They call for research into the safety of over-the-counter NSAIDs "under the conditions they are typically used".

Conclusion

This useful and well-conducted study isn't the first to say NSAIDs may raise the risk of heart failure. We've known for some time that NSAIDs can have side effects, especially when used at high doses and for long periods.

What this study does help show is the different levels of risk between different NSAIDs, and confirms that the risk depends partly on the dose. It's important to remember that the study only included people who were prescribed NSAIDs and not people who'd bought them over the counter.

The information is most useful to older people taking prescribed NSAIDs long-term for conditions such as gout or arthritis. These are the people most likely to be affected by heart problems linked to NSAIDs.

The study shows that some NSAIDs are less risky than others, and doctors can use this information to discuss with patients which is the most suitable drug if they need long-term anti-inflammatory painkillers.

For people who take NSAIDs over the counter, it's a reminder that these drugs are not risk-free. While an otherwise healtlhy 20-something taking ibuprofen for a day or two to get over backache is highly unlikely to get heart failure as a result, long-term use of NSAIDs at high doses can cause problems.

Sensible advice is to take the lowest dose that works for the shortest period you need it. If you find you need to take NSAIDs very often, or you're taking doses higher than those recommended, you should talk to your doctor about your pain.

Find out more about living with pain.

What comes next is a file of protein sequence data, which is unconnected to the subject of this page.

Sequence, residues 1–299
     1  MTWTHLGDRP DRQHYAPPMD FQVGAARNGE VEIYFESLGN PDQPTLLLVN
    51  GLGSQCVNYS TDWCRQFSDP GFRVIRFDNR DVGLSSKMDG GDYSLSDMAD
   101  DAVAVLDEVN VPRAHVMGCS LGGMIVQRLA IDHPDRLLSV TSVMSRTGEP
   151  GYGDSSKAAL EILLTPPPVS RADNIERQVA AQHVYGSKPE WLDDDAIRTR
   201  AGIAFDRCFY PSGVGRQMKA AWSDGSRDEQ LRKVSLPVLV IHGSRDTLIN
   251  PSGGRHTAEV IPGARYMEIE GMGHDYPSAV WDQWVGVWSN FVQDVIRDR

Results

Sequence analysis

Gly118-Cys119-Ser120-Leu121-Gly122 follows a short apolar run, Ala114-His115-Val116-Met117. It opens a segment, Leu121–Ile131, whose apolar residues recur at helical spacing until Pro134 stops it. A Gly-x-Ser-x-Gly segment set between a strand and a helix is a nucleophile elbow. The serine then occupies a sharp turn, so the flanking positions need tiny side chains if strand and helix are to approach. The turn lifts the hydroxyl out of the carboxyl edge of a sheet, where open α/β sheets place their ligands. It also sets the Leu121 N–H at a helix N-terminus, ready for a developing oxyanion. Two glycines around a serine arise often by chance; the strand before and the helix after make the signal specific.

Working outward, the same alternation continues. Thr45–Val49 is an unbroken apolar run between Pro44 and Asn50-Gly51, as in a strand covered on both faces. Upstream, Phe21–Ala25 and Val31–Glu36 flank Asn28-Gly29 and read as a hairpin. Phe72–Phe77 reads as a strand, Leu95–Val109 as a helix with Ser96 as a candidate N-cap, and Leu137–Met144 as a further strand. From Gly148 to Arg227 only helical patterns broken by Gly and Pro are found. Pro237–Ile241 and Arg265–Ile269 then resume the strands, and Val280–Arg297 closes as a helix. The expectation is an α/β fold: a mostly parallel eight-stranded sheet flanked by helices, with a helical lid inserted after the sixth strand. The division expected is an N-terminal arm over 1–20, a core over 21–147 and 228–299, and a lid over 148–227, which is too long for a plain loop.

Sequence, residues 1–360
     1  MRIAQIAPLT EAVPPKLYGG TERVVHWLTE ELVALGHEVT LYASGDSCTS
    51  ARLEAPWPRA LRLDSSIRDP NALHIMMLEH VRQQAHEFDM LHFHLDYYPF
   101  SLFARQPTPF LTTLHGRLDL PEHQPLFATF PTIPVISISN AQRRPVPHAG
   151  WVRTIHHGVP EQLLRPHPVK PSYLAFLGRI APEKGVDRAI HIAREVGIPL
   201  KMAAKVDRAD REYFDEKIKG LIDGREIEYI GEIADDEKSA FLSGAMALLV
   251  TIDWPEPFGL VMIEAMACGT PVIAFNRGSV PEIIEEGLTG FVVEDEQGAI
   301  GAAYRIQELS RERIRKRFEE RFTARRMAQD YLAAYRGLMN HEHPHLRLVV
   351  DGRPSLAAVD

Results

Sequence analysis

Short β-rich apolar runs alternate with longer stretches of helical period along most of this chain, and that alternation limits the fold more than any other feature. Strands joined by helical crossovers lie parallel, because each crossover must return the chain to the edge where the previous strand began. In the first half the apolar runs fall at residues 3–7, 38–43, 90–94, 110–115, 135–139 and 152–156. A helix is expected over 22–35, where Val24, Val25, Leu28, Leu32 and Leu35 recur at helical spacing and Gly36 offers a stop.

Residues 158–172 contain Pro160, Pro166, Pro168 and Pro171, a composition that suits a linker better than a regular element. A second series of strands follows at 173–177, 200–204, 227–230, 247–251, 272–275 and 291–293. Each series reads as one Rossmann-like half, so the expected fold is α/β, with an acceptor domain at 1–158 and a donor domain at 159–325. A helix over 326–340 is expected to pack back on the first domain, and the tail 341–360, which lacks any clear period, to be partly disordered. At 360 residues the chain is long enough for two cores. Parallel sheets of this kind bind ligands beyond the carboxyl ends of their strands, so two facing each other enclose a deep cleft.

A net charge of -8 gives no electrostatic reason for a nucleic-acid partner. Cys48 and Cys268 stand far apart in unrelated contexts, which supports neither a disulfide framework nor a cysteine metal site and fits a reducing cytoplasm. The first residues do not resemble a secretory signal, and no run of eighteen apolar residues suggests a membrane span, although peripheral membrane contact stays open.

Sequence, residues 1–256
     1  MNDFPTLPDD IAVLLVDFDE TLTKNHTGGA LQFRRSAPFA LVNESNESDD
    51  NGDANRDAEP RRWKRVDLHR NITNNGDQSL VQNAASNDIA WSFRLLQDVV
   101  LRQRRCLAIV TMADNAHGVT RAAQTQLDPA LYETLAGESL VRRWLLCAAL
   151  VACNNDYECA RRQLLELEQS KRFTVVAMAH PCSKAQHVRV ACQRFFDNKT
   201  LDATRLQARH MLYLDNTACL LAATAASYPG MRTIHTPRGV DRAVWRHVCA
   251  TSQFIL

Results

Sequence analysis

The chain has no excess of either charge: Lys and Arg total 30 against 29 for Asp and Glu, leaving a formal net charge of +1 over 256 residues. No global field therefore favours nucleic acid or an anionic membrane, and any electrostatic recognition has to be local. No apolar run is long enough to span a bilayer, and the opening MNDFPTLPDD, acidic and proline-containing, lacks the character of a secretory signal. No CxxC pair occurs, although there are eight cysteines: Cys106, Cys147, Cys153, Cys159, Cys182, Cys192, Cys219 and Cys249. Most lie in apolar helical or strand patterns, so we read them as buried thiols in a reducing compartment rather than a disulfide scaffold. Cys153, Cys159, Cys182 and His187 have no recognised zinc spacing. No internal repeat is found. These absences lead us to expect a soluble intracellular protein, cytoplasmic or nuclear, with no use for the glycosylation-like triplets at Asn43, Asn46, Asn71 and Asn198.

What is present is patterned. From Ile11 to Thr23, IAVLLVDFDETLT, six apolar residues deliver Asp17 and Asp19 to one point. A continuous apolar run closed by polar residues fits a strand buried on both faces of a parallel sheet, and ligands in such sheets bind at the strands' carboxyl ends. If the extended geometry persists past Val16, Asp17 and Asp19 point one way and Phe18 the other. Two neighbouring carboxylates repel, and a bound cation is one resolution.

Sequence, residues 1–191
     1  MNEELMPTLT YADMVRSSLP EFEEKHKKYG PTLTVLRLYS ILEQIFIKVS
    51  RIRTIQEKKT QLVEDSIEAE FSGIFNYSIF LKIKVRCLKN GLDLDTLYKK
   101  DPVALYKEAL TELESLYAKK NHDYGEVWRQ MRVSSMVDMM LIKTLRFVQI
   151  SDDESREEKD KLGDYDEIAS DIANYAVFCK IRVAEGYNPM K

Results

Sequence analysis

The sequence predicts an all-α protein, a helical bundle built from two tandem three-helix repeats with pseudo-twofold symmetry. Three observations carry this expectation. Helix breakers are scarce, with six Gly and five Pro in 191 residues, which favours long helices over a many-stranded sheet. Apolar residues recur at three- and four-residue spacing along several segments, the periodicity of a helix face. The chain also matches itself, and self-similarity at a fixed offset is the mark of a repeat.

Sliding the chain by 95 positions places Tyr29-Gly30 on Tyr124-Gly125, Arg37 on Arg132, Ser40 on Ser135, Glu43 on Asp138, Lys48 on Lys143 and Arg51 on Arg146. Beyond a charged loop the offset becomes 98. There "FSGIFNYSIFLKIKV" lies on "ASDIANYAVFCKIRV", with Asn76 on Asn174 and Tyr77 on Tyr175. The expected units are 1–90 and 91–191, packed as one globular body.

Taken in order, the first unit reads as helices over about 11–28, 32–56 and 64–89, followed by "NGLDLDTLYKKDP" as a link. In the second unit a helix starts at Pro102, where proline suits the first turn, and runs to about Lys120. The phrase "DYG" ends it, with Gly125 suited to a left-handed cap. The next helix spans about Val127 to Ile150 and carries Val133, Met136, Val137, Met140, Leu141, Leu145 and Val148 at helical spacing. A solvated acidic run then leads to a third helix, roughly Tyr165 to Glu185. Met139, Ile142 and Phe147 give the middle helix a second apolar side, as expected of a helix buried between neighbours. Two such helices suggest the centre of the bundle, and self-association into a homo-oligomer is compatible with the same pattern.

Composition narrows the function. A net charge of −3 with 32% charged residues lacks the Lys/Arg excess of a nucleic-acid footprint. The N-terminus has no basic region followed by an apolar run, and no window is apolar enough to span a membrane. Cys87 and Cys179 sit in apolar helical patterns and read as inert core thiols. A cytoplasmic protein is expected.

Links To The Headlines

Ibuprofen link to heart failure: Over-the-counter painkillers raise risk by almost 20%. The Daily Express, September 29 2016

Ibuprofen increases heart risk by a fifth. The Times, September 29 2016

Common painkillers 'increase heart failure risk'. BBC News, September 29 2016

Painkillers like ibuprofen may raise risk of hospital admission for heart failure. The Telegraph, September 29 2016

Links To Science

Corrao G, Arfe A, Scotti L et al. Non-steroidal anti-inflammatory drugs and risk of heart failure in four European countries: nested case control study. The British Medical Journal. Published Online 28 September 2016

Categories: News

Acne won't extend your life, but might delay signs of ageing

Wed, 2016-09-28 07:00

"Spotty teenagers may have the last laugh over their peers with perfect skin after research found that those who suffer from acne are likely to live longer," says The Telegraph online.

But the report misunderstands the research findings, which were related to cell ageing, not length of life.

The researchers state dermatologists have for many years noticed that people who have had acne show signs of ageing later than those who have never had the skin condition.

Signs of ageing are cited as the appearance of wrinkles and thinning of the skin. This new study looked at why that might be.